MS. JEAN-PIERRE:  So, right now — I mean, just like Dr. Jha was saying, I can’t — I don’t want to get into hypotheticals.  Right now, you know, the President is still working.  He’s working eight-plus hours.  That is something that he told me personally, when we talked last week.  You saw him today doing — speaking at the NOBLE — NOBLE event and also holding an event with CEOs, labor leaders, and his own economics — economic team for about an hour.  So he is constantly working, constantly making decisions on behalf of the American people. 

I don’t have a schedule to lay out for you at this time.

Q    And you can’t tell us if he’s got things he’s — he wants to do but he can’t do because he can’t do them in person?

MS. JEAN-PIERRE:  I don’t want to get ahead of the President at this time.

Q    Okay.  I had one more on another topic.  On Speaker Pelosi and her possible trip to Taiwan, I wonder if the President or anyone at the White House has expressed concerns about a possible trip, and also if the White House has any comment about Republicans who have basically said that they support such a trip because it’d be an example of the U.S. standing up to China.

MS. JEAN-PIERRE:  So I’ll say two things.  I haven’t — we haven’t seen that the Speaker has announced any travel.  So I don’t want to get ahead of her own announcement or her own schedule. 

I’ll say this: The administration routinely provides members of Congress with information and context for potential travel, including geopolitical and security considerations.  Members of Congress will make their own decisions.  I’m not going to get ahead a — of an announcement or a schedule — or her own schedule.

Go ahead.

Q    The President said today that we’re not going to be in a recession.  Why is he so confident of that?

MS. JEAN-PIERRE:  So if you look at the economic indicators, as a pras- — the President was — was laying out, if you look at the labor market, right now, we are seeing historic — historic unemployment.  If you look at low unemployment at 3.6, if you look at the average amount of jobs that have been created — it’s about 400 [thousand] per month — those indicators do not show that we are in a recession or even a pre-recession.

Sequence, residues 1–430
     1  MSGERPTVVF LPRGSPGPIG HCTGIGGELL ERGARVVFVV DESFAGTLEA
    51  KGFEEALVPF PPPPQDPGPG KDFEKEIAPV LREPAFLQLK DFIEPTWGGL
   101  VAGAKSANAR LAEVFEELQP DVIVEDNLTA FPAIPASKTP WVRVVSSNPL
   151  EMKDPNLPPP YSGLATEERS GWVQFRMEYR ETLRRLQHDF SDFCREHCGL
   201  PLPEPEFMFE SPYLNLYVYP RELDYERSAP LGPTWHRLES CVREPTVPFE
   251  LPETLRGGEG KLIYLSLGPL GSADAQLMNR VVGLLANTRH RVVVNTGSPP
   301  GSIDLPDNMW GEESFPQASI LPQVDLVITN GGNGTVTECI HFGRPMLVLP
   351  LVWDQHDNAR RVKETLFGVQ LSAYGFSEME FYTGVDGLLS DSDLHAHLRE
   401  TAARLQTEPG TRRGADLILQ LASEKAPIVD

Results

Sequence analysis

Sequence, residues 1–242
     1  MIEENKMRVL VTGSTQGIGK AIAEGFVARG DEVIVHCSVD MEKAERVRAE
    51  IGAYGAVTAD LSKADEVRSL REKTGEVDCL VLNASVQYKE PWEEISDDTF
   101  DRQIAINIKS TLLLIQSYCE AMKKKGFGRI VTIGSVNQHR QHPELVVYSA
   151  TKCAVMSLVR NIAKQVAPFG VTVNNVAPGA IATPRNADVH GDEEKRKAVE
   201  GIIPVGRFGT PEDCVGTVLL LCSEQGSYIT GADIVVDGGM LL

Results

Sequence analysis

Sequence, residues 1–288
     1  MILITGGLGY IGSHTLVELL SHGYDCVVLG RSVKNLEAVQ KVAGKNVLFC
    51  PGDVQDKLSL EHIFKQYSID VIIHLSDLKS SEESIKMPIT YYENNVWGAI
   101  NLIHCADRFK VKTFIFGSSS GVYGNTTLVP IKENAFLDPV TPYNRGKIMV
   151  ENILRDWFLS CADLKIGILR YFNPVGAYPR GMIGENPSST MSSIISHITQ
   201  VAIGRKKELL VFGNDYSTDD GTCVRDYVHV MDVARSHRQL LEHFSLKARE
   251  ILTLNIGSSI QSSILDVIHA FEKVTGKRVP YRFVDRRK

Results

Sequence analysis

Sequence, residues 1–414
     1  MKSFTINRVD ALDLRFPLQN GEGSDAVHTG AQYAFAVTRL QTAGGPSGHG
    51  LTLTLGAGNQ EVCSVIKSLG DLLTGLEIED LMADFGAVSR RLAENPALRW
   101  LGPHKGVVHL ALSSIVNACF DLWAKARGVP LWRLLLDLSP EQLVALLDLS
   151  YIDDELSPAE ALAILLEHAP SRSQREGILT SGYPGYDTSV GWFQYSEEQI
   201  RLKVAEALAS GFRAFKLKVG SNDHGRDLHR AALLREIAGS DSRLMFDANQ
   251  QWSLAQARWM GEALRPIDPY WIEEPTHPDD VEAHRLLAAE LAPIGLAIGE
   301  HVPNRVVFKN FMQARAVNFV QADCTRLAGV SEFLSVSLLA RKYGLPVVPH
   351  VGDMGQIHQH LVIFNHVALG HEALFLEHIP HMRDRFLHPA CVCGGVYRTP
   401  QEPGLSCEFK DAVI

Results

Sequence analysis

There is — there is the N- — the NBER — the National Bureau of Economic — of Economic Research — that, actually, I’ve talked about before, and they look at a range of — they look at a broad range of data in deciding whether or not there is a recession.  And most of the data that they look at right now continues to be strong — those pieces that I just mentioned.

If you look at consumer — consumers and how they’re spending, if you look at what businesses and their households are investing, you can continue to see resilience, and it’s [not] consistent with a recession. 

And you — even if you look at the — the state — the state unemployment numbers that we saw last week, in 21 states, we saw that unemployment numbers were at — was at 3 percent or below. 

And so, all of those indicators show us that we’re not in a recession or in a pre-recession at this time.

Q    But how confident is that assessment, I guess?  Is the President leaving it open for the possibility, or is he adamant that there’s not going to be a recession?

MS. JEAN-PIERRE:  Well, I mean, it’s not — it’s not our definition.  Right?  We’re talking about a definition from NBER, which has been around since 1920, which has said back — I give you some — some quotes here:

In 2007, the San Francisco Federal Reserve said, you know, “Journalists often describe a recession as two consecutive quarters of declines in quarterly real (inflation adjusted) gross domestic product (GDP).  The definition used by economists differs.”

And so, again, NBER — they decide what the definition is.  And so, when you look at the economic indicators, we do — you do not see the job growth, the s- — the labor — the strong labor market that we’re seeing currently in a recession.

Q    And then, are there any plans to discuss with the President’s doctor coming out to brief the press, if not on COVID, on his general health conditions?  Or in other words, under what circumstances would he come out and talk to the press?

MS. JEAN-PIERRE:  Well, you know, he put — we put out, back in November, a comprehensive examination that was done by a panel of doctors.  And we put that out, and the doctor — there was no doctor that came out to the podium and give — and take questions.  Right?  We put that out, and we took questions in the briefing room. 

And so, look, again, we’re — we’re in a different stage than we have been, currently, with COVID.  We are not where we are — were a year and a half.  And that — a lot of that is because of the comprehensive, you know, COVID response that the President has had; the fact that we — he’s able to be fully vaccinated and double boosted.  And not just him, we’re talking about Americans across the country.  And we are encouraging — we see this moment as a teachable moment, as a moment to really let folks know: If you haven’t gotten vaccinated, the time is now.  If you haven’t gotten your — that first or even second booster, the time is now to do that so you can have that extra protection.

Okay.  Go ahead.

Q    A quick follow-up to that.  Has — have you or did Dr. Jha ask Dr. O’Connor to come to the briefing room and they declined or — because Dr. Jha indicated that there was no resistance to doing that, but —